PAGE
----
As soon as the pandemic is over, the climate crisis will come back into focus. “We have to aim for zero CO2 emissions. Not ‘a bit less’, but zero”, says philosopher of science Maarten Boudry. And that requires a global debate, moving away from the oversimplified visions that currently dominate the debate.
“Climate change is a fact. The scientific consensus around that was reached at least 20 years ago. So we really don’t need to argue about that anymore,” says Maarten Boudry. “The debate should now be about the solutions and remedies. That’s something we can reasonably discuss and disagree about.”
As holder of the Etienne Vermeersch Chair of Critical Thinking, Boudry is organizing just such a debate with a number of international speakers on May 11. Boudry says: “Each country can make its own efforts, but to really make a difference, you have to tackle this problem globally. That is why I deliberately looked for a diverse and international panel. In particular, I also wanted someone to look at the issue from a non-Western perspective, which is why I invited Opha Pauline Dube, Professor of environmental science at the University of Botswana and lead author at the IPCC (Intergovernmental Panel on Climate Change). I'm very curious to hear what her perspective will be on how to reconcile climate solutions with poverty reduction and economic development.”
Also taking part will be US environmental policy expert Ted Nordhaus; British author, journalist and environmental activist Mark Lynas; and Jean-Pascal van Ypersele, Professor of climate and environmental sciences at the University of Louvain-la-Neuve and former IPCC Vice-Chairman.
Wizards and prophets
There are different views about what we need to do to solve the climate crisis, and these are sometimes very far apart, Boudry notes. “The science journalist Charles Mann distinguishes between wizards and prophets. Prophets believe that human civilization is on a self-destructive path, with ever-increasing demands on the Earth’s resources. They want us to radically change our lifestyle and settle for less: the end of economic growth, and a reduction in consumption. The wizards, by contrast, are counting precisely on growth and innovation to solve our problems, with more technology and ‘smart’ solutions.”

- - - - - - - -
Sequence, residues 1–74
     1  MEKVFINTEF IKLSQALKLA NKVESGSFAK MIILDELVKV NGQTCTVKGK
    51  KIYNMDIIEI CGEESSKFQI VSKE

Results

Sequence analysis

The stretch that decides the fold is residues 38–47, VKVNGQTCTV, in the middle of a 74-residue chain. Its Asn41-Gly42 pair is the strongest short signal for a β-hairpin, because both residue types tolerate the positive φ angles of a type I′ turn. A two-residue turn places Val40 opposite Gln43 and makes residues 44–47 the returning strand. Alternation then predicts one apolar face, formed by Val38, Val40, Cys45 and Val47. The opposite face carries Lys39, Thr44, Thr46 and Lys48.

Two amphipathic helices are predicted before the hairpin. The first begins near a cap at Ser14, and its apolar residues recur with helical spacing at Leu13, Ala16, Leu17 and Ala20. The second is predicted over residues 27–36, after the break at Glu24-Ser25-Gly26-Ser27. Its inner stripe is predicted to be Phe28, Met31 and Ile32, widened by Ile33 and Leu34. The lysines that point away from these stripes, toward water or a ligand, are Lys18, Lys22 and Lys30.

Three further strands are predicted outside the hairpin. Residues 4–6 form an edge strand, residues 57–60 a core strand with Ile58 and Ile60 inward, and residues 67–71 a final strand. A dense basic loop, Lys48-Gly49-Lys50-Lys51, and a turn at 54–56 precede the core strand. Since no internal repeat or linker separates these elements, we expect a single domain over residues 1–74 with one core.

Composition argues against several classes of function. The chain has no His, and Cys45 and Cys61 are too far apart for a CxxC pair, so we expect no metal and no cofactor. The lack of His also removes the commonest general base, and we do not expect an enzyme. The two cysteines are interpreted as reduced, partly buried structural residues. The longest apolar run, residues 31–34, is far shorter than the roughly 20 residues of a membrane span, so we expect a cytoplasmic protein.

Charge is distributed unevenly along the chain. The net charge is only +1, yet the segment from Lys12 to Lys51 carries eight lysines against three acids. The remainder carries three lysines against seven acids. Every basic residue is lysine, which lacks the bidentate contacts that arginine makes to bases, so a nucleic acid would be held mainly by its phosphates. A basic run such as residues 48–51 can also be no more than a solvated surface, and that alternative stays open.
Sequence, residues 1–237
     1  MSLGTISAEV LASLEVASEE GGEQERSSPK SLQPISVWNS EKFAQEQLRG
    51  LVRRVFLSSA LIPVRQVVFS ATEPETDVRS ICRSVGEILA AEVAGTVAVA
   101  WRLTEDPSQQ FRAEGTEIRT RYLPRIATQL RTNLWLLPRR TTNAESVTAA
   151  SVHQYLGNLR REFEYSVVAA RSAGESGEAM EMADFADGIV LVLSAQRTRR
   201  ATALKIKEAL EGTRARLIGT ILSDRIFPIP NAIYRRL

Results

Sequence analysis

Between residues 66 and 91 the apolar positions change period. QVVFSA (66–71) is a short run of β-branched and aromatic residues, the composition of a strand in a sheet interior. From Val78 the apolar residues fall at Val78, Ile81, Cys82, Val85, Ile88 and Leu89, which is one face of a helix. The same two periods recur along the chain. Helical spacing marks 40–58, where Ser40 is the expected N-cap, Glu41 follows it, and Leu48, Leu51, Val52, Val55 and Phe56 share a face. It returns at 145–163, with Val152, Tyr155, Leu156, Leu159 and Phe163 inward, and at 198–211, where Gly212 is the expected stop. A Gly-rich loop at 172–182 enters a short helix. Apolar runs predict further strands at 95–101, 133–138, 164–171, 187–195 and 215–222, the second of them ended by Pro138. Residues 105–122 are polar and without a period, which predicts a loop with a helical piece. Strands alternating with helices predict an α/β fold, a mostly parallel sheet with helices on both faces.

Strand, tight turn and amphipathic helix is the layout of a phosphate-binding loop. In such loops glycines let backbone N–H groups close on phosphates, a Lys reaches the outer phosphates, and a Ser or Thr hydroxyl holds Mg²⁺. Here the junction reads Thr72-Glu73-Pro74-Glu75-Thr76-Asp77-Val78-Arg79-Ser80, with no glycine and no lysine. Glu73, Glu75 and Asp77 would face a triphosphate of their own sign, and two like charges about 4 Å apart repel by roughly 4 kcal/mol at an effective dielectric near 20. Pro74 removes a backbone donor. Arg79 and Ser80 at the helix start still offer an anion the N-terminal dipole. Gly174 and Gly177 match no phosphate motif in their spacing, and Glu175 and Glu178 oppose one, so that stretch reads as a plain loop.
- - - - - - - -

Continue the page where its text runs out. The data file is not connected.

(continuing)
Wizards and prophets think very differently about the question of how we should weigh climate action against economic development or poverty reduction? “At the moment, carbon emissions and economic development are very tightly linked. The more prosperous you are, the more fossil fuels you consume, so the more CO2 you emit and the worse global warming becomes. The question should therefore be: how do you decouple those two? Is it possible for the economy to continue to grow without harming the climate and the environment?”
That’s not equally easy for every country. “For countries like India, for example, there’s no immediate alternative to burning coal. That’s by far the cheapest way to grow their economy . Richer countries must set an example and invest in other forms of energy supply. In Belgium, for example, we are rich enough to no longer accept coal. We must take the lead”.
It takes more than political courage
It sounds simple, but unfortunately it’s not. “You can’t just change our entire energy infrastructure overnight. I’m afraid that many people underestimate how much we still depend on fossil fuels. They are everywhere. Not only in visible form, such as in gasoline and kerosene, but also in the production of, for example, metal, cement and plastics. Even our food production depends on large quantities of oil and gas, for example to make fertilizers. Almost everything we do in our lives causes CO2 emissions one way or another, and you can’t change that from one day to the next.”
For Boudry, this over-simplified view of what needs to be done complicates the debate. “It’s a good thing that activists have put the climate crisis on the political agenda. However, they often think that we only need a little more political courage to solve the problem. Politicians have reinforced that impression, by making promises they cannot keep. You cannot get to zero emissions in five or even ten years. Unfortunately, it’s a lot more complicated than just making a few ostensibly bold announcements,” explains the philosopher of science.
“Politicians tend to get too preoccupied with symbolic issues, such as initiatives for recycling plastics, or promoting electric buses, for example. Those sound impressive and often make good television, but if you look at how much energy they actually save, you realize that it will hardly make any difference. So we need our leaders to think more about long-term and global changes, rather than focusing on reducing emissions locally in the short term, at the level of a city or a country. We need to look much broader and further than that. Emissions have to reach zero by 2050, not just here or there, but all over the world.”
The debate, entitled “Climate change is real. Now what should we do about it?”, will be streamed live from the Vooruit Arts Center in Ghent on Tuesday May 11 2021 from 7pm CET (17:00 UTC). Science journalist Desiree Hoving will be the moderator. After the debate, the audience will also have the chance to ask questions of the panel.
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